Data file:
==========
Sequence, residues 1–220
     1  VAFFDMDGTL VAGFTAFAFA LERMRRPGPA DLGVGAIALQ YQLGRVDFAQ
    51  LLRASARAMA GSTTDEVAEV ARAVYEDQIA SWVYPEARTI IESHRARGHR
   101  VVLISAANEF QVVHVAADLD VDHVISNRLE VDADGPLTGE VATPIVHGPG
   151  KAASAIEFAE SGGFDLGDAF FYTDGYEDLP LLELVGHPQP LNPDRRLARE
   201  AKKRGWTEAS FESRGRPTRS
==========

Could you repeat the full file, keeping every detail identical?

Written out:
Sequence, residues 1–220
     1  VAFFDMDGTL VAGFTAFAFA LERMRRPGPA DLGVGAIALQ YQLGRVDFAQ
    51  LLRASARAMA GSTTDEVAEV ARAVYEDQIA SWVYPEARTI IESHRARGHR
   101  VVLISAANEF QVVHVAADLD VDHVISNRLE VDADGPLTGE VATPIVHGPG
   151  KAASAIEFAE SGGFDLGDAF FYTDGYEDLP LLELVGHPQP LNPDRRLARE
   201  AKKRGWTEAS FESRGRPTRS